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  10. Information Reflection Theory Based on Information Theories, Analog Symbolism, and the Generalized Relativity Principle.Chenguang Lu - 2023 - Comput. Sci. Math. Forum 8 (1):45.
    Reflection Theory holds that our sensations reflect physical properties, whereas Empiricism believes that sense (data), presentations, and phenomena are the ultimate existence. Lenin adhered to Reflection Theory and criticized Helmholtz’s sensory symbolism for affirming the similarity between a sensation and a physical property. By using information and color vision theories, analyzing the ostensive definition with inverted qualia, and extending the relativity principle, this paper affirms the external world’s existence independent of personal sensations. Still, it denies the similarity between a sense (...)
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  11. Theoretische Psychologie: Denkformen und Sozialpraxen.Uwe Laucken - 2003 - Oldenburg: Bibliotheks- und Informationssystem der Univ..
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  12. Explaining individual differences.Zina B. Ward - 2023 - Studies in History and Philosophy of Science Part A 101 (C):61-70.
    Most psychological research aims to uncover generalizations about the mind that hold across subjects. Philosophical discussions of scientific explanation have focused on such generalizations, but in doing so, have often overlooked an important phenomenon: variation. Variation is ubiquitous in psychology and many other domains, and an important target of explanation in its own right. Here I characterize explananda that concern individual differences and formulate an account of what it takes to explain them. I argue that the notion of actual difference (...)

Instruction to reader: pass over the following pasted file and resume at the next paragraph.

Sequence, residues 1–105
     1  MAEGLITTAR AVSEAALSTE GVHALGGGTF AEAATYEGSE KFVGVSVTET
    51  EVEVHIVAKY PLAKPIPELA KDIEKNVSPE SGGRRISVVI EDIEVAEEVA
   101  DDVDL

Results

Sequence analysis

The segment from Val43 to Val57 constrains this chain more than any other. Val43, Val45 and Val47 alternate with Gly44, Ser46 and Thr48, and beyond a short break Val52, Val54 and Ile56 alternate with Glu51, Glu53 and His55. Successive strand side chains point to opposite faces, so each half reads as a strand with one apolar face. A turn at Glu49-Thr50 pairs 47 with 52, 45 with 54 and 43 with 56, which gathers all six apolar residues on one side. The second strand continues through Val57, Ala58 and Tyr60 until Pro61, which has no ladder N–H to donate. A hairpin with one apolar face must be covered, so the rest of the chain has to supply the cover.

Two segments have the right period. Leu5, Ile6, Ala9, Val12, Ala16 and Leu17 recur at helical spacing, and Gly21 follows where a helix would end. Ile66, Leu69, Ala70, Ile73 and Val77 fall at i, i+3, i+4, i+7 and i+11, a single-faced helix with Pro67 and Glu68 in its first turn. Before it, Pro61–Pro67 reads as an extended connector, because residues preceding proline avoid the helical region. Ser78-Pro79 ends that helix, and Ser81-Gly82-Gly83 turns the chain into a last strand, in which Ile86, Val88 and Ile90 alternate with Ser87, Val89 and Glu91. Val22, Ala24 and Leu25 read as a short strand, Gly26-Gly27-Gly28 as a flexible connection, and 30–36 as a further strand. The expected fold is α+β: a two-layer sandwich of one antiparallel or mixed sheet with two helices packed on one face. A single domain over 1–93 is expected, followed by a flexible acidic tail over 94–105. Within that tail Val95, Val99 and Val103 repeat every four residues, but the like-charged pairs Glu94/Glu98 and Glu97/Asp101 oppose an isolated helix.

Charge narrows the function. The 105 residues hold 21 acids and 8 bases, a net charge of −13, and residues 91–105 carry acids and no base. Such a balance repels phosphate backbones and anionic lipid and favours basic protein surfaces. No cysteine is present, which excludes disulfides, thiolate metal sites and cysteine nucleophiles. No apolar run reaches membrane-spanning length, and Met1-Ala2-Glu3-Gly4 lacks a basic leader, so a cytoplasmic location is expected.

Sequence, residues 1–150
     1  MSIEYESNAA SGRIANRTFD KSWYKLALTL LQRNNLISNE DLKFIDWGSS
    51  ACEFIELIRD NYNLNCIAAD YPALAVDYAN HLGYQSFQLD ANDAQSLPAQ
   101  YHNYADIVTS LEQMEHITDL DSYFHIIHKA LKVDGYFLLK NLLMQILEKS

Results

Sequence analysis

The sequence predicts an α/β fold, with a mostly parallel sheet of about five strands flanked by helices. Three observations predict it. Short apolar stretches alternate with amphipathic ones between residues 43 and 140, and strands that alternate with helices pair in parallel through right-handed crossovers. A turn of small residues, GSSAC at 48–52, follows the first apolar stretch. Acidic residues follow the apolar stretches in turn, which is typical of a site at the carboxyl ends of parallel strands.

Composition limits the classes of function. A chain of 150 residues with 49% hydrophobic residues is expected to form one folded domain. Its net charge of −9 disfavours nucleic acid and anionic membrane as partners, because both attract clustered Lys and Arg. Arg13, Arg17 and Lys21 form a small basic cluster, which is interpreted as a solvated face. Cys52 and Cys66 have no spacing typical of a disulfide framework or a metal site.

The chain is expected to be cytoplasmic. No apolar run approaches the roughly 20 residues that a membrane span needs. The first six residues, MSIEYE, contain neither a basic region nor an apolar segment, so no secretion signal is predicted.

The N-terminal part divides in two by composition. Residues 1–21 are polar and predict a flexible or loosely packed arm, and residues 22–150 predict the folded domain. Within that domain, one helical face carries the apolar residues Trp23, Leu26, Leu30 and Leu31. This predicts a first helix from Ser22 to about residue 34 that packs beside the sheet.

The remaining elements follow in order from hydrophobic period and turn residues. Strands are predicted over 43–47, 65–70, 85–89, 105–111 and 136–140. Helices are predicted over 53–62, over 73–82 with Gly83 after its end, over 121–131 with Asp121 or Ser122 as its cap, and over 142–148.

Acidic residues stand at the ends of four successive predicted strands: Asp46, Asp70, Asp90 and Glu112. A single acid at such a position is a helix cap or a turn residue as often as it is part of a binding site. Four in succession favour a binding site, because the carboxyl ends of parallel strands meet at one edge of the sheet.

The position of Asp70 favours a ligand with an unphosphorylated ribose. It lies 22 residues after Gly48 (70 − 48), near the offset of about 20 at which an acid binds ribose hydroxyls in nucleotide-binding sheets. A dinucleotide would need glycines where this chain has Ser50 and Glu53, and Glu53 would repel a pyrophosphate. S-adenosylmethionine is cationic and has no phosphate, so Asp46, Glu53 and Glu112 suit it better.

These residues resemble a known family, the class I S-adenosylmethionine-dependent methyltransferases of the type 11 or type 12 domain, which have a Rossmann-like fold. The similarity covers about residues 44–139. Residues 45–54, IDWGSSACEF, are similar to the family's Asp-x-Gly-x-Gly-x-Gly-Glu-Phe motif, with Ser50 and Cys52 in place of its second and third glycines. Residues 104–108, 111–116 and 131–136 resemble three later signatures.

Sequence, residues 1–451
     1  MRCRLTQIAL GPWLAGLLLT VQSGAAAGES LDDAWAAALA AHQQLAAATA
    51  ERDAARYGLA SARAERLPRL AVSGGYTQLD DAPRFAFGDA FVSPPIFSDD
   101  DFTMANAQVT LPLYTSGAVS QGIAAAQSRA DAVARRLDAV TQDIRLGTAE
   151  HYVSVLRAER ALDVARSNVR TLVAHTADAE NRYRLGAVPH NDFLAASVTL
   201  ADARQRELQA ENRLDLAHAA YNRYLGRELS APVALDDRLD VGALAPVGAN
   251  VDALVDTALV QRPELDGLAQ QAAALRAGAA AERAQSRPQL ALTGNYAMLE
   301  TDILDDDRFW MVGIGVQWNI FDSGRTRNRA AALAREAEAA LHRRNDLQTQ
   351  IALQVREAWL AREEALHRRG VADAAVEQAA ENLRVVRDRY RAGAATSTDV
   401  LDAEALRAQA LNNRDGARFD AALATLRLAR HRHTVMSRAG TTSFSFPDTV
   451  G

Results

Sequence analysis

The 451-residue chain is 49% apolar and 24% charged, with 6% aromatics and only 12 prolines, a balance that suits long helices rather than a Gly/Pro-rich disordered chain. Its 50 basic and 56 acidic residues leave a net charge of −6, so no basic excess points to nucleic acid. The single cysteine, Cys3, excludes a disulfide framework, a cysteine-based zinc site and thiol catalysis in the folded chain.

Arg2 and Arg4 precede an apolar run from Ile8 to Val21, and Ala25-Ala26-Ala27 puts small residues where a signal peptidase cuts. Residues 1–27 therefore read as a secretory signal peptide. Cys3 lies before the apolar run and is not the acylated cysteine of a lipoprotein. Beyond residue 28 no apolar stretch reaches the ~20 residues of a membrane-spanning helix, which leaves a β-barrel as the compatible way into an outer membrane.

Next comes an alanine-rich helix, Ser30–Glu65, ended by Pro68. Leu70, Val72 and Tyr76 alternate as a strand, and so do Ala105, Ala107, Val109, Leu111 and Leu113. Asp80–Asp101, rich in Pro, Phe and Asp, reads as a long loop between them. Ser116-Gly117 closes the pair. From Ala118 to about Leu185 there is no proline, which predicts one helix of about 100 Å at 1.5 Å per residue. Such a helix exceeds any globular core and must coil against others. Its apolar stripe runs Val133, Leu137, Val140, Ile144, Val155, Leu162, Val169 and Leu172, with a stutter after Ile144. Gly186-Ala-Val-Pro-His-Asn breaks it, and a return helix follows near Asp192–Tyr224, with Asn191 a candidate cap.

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  13. How do people use and appraise concepts?James A. Hampton (ed.) - forthcoming - Switzerland: Springer Nature.
    To approach the many challenges involved in the notion of engineering concepts, it is important to have a clear idea of the starting point – the concepts that people use in their everyday lives, in conversations and in expressing beliefs, desires, intentions and so forth. The first Section of this chapter introduces evidence that I have accumulated over the last many years concerning the flexibility, context-dependence, and vagueness of such common concepts. The concept engineer needs to understand the structure of (...)